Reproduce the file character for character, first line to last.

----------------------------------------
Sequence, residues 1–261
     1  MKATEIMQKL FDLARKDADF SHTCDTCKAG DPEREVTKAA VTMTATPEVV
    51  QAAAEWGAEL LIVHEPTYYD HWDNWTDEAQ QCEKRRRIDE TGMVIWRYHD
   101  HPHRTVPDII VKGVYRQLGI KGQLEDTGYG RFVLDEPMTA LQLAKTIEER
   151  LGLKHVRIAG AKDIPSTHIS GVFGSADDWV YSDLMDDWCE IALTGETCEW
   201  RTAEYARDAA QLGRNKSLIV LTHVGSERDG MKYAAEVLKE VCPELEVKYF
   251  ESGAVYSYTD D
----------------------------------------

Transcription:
Sequence, residues 1–261
     1  MKATEIMQKL FDLARKDADF SHTCDTCKAG DPEREVTKAA VTMTATPEVV
    51  QAAAEWGAEL LIVHEPTYYD HWDNWTDEAQ QCEKRRRIDE TGMVIWRYHD
   101  HPHRTVPDII VKGVYRQLGI KGQLEDTGYG RFVLDEPMTA LQLAKTIEER
   151  LGLKHVRIAG AKDIPSTHIS GVFGSADDWV YSDLMDDWCE IALTGETCEW
   201  RTAEYARDAA QLGRNKSLIV LTHVGSERDG MKYAAEVLKE VCPELEVKYF
   251  ESGAVYSYTD D